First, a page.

One question is: why learn advanced mathematics? This is related to the is-ought problem, as posed by Hume. The examples in differential geometry can be difficult and time-consuming , unlike simple calculus, and are best done with computer, not by hand. A single tensor, as found in general relativity, may have dozens of components…writing them out would be taxing. The question is, what do want to do with this knowledge. There is value in learning complicated, abstract math to signal intellect and thus become more popular online, and maybe get consulting work. That alone is very valuable, and is why STEM graduates or graduates from elite schools make so much money and have such god job prospects compared to everyone else, because such degrees generally require a lot of intelligence to obtain and thus signal competence.
But also, why is there so much interest in learning complicate, esoteric math concepts? All things ‘smart’ have gotten more attention as of late, such as as theoretical physics, quantum mechanics, philosophy and math (as well as all these things melded together). It seems, especially as of 2013, there is huge demand for learning complicated mathematics, coding, and trading algorithms. It’s like the AP-math class of high school but expanded to include almost everyone, not just a dozen students. Popular sites like WaitbutWhy are popularizing ideas (cryonics, fermi paradox, etc.) that just as recently as a decade ago were mostly of the domain of scifi aficionados and scientists. Pre-2008, the internet was a pretty ‘dumb’ place, dominated by crappy MySpace profiles, LiveJournal and DeviantArt, V-Bulletin forums, bombastic opinion pieces, bland advice pieces, and content transcribed from offline sources to the internet. Then, around 2013 or so, came long-form, infographics, data visualizations, and social networking like Facebook and Twitter (which replaced Myspace). And also, the rise of ‘expert culture’ – sites like Reddit, Hacker News, Medium, as well as those ‘question and answer’ sites that have social aspects to them (math exchange/overflow, stack overflow/exchange), all of which reward competent, helpful people with ‘karma’ and status. In the past, you either had to go to a crappy V-Bulletin site or a newsgroup, and your contributions were generally ignored outside of their respective communities. ‘Expert culture’, which is related to ‘intellectualism culture’ is how ‘esoteric celebrities’ are created, because now these competent, smart people are having their contributions broadcast to the world, gaining wealth and social status in the process. There are huge markets for this stuff, tons of readers, and lots of viralness and page views – and no topic is too complicated or esoteric. I liken it to a ‘Cambrian explosion’ of intellectualism.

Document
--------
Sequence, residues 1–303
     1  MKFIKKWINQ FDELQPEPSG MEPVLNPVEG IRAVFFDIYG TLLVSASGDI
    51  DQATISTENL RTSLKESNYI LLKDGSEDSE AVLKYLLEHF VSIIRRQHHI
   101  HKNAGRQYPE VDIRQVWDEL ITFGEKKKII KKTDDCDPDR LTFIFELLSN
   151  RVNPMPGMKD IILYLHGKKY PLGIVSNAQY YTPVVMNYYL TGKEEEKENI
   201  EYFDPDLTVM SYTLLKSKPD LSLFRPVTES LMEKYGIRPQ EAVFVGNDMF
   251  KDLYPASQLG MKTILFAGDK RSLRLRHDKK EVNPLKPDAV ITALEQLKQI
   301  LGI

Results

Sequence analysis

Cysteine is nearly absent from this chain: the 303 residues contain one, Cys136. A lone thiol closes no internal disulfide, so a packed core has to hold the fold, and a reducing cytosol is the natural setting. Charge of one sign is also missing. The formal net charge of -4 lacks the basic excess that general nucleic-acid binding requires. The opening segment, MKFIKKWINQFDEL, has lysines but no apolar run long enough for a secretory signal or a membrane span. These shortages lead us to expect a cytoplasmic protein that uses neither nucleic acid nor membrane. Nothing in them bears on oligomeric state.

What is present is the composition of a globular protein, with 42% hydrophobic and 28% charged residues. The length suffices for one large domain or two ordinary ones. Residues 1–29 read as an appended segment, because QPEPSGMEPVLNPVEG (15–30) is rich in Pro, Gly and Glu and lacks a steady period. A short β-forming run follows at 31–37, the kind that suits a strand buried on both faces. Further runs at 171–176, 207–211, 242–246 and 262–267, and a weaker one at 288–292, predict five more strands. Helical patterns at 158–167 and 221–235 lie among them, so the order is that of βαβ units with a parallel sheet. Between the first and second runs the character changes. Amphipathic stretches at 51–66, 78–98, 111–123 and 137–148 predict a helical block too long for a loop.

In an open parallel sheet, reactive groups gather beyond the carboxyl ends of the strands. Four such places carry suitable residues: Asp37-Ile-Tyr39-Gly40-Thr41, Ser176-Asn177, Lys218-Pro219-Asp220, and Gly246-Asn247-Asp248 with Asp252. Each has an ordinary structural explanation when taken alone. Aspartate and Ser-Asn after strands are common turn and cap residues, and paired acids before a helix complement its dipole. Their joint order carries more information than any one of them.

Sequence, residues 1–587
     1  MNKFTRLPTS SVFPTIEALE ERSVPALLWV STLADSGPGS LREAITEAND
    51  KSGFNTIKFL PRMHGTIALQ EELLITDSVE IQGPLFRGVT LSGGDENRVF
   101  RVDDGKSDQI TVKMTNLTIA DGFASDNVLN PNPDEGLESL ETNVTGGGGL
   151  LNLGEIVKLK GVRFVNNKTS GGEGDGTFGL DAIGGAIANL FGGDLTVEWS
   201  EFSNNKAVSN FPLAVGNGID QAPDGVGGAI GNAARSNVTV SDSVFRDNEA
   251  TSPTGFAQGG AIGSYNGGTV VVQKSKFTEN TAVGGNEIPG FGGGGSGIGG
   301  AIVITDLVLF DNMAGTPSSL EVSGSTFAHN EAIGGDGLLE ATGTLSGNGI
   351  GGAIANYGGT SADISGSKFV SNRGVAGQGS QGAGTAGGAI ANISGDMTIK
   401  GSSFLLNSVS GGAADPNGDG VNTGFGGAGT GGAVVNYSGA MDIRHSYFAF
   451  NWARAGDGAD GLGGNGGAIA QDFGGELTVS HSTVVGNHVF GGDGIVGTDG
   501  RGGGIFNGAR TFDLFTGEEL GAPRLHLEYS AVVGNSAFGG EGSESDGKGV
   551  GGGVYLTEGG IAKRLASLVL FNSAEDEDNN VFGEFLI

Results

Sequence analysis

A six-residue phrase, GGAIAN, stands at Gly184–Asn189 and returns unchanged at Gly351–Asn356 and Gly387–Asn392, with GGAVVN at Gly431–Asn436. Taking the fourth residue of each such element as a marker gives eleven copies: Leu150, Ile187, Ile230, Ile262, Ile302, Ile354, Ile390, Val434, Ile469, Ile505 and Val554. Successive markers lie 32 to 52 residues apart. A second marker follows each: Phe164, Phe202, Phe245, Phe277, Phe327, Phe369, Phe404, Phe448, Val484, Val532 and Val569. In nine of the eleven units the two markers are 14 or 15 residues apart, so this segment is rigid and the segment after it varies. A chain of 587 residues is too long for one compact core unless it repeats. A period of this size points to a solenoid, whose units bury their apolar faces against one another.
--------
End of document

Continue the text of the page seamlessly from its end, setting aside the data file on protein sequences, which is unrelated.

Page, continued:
But also, people observe, read headlines about high-IQ founders, venture capitalists, and coders making tons of money in Web 2.0 (Uber, Pinterest, Snaphat, Dropbox, etc.); STEM people getting tons of prestige, status, and global notoriety for their finding (Arxiv physics and math papers frequently go viral); and how the economy, especially as of 2008, rewards intellectualism and STEM in terms of higher wages and surging asset prices (like stocks (the S&P 500 has nearly tripled since the 2009 bottom), web 2.0 valuations (Snapchat is worth $15 billion, on its way to $50 billion), and real estate (Palo Also home prices have doubled since 2011)), and, understandably, many people want a piece of the wealth pie. They see that intellect – which includes STEM, finance, and also quantitative finance – is the path to both riches and social status (as embodied by wealthy geniuses like Musk, Thiel, Zuckerberg, Shkreli), which is why there is so much interest in these technical, difficult subjects, unlike decades ago when only a handful of people were interested. This is the so-called wealth-intellectualism synthesis.